The Air Force released Feb. 28 a draft request for proposals for the Open Skies Treat Aircraft Recapitalization (OSTAR) program to replace the Pentagon’s aging OC-135B observation aircraft.

The service plans to field two new aircraft to replace the Boeing [BA]-built modified WC-135 Constant Phoenix, which have been in service since the early 1990s and operate under the Open Skies Treaty. A final request for proposals (RFP) is expected in May, with responses due 45 days after its release.

An OC-135B Observation Aircraft from the 45th Reconnaissance Squadron, at Offutt AFB, Neb., sits on the flight line Jan. 16 at Wright-Patterson AFB, Ohio. (Photo: Air Force)

Contract award is expected by the end of February 2020, and will include a base period of five years with an option of five additional years, according to the draft RFP, posted Thursday on FedBizOpps. The OSTAR program will be awarded via an indefinite-delivery/indefinite-quantity contract, with a maximum award amount of $648 million.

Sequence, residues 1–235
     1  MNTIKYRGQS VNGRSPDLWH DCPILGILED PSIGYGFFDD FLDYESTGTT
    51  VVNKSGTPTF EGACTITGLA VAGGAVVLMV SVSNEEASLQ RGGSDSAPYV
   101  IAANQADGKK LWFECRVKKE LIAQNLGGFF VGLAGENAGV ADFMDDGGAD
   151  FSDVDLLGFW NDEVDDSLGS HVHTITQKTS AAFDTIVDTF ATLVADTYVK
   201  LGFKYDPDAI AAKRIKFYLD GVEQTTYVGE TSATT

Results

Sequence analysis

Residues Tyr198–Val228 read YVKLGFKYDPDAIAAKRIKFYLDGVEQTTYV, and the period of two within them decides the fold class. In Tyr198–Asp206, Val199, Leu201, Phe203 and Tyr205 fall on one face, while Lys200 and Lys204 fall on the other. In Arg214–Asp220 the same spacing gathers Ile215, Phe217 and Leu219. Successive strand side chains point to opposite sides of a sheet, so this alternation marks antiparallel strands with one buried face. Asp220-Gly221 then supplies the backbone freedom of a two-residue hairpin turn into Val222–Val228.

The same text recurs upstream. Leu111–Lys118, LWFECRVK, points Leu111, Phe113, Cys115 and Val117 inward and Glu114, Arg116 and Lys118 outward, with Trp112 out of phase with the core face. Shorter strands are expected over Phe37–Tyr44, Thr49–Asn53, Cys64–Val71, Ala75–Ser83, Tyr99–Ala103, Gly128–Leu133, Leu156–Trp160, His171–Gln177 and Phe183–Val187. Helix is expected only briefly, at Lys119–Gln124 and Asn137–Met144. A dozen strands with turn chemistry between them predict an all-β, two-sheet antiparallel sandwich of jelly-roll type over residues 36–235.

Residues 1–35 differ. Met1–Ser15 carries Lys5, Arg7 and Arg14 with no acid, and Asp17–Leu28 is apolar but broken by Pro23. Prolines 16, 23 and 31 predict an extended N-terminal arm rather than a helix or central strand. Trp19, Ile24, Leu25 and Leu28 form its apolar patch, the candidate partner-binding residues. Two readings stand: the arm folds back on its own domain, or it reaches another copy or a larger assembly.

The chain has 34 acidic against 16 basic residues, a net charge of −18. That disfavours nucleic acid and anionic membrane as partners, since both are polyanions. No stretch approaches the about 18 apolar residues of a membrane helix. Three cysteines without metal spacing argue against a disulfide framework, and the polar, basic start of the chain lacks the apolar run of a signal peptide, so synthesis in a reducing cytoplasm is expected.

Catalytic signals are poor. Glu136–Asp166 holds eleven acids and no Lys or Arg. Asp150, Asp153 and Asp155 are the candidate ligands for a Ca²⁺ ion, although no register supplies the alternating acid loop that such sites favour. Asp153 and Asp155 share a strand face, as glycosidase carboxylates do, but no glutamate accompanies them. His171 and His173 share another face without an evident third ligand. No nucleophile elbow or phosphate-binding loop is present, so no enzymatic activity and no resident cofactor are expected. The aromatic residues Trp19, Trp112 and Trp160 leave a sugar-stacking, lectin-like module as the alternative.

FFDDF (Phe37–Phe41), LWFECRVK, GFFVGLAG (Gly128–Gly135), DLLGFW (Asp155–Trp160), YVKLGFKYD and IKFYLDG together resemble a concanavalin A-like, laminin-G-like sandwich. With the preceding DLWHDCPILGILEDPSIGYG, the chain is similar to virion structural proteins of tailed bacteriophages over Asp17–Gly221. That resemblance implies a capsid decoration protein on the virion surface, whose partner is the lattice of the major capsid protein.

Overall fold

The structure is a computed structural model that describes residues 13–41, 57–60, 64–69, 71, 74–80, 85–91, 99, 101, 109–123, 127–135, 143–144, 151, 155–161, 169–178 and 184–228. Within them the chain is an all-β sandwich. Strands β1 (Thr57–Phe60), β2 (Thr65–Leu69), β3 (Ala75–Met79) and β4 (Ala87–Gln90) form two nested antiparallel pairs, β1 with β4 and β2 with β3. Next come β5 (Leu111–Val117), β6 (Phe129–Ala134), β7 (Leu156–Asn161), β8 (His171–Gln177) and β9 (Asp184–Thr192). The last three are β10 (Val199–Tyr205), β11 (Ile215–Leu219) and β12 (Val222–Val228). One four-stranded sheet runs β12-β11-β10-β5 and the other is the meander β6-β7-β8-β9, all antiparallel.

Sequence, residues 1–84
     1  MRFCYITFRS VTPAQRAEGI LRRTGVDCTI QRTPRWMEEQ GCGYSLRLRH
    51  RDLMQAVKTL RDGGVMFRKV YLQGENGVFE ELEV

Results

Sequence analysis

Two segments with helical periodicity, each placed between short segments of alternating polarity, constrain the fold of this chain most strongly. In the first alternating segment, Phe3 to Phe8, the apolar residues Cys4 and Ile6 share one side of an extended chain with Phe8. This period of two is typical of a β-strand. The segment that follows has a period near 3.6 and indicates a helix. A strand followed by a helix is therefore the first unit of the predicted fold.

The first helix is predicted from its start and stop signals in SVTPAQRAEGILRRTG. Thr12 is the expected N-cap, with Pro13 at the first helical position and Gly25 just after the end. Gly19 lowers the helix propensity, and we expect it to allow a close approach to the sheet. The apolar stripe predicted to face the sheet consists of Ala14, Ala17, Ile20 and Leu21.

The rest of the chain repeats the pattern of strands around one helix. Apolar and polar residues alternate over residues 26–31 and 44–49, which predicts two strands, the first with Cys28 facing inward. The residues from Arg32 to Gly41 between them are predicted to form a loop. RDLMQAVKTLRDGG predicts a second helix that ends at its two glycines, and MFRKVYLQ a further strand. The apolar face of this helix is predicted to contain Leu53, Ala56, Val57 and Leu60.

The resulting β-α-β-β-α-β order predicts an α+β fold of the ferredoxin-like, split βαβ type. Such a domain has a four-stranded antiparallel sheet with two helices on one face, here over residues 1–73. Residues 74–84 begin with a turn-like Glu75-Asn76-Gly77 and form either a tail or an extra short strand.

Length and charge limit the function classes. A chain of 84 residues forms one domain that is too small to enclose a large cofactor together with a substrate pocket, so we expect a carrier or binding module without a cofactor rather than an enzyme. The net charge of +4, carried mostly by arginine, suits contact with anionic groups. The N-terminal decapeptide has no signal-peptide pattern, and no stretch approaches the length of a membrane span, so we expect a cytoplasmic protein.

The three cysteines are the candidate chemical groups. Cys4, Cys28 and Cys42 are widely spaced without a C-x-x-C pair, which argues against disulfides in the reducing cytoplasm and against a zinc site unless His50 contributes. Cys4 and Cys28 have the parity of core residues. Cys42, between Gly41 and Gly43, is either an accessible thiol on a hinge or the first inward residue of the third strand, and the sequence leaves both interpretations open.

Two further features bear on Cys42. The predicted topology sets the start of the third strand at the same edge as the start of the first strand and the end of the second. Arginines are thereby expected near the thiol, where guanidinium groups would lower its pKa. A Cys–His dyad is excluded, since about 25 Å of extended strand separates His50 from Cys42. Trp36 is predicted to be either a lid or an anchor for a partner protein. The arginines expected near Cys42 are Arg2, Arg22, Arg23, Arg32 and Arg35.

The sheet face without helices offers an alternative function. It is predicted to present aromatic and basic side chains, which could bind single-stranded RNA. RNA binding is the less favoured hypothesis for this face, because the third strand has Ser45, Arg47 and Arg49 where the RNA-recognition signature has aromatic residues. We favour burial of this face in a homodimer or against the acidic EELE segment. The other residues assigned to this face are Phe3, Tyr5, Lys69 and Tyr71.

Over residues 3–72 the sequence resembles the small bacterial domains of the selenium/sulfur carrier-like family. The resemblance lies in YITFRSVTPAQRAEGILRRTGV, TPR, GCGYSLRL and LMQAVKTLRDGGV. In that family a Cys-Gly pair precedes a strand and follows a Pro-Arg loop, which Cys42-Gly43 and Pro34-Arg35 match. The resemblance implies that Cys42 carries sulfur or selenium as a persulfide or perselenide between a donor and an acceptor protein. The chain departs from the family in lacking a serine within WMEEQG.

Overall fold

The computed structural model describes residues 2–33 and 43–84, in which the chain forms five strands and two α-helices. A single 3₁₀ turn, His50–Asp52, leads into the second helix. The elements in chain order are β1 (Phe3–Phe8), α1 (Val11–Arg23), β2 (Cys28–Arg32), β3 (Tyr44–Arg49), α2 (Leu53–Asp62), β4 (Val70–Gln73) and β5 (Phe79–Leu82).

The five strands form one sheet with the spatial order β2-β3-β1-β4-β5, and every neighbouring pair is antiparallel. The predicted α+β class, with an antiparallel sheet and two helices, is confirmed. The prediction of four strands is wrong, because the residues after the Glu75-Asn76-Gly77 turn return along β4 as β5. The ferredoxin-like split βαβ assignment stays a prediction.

The fiscal year 2019 defense appropriations bill signed by Congress in September 2018 included over $146 million in Air Force research, development, test and evaluation funds for the OC-135B recap program, including $125 million to procure the first aircraft and over $21 million for mission equipment integration.

The Air Force originally had three OC-135B aircraft performing unarmed observation flights over Open Skies Treaty nations, but only two remain. Those aircraft were built over 50 years ago and have begun to break down during deployments, service officials said in September 2018 at the service’s Life Cycle Industry Day conference in Dayton, Ohio (Defense Daily, Sept. 13, 2018).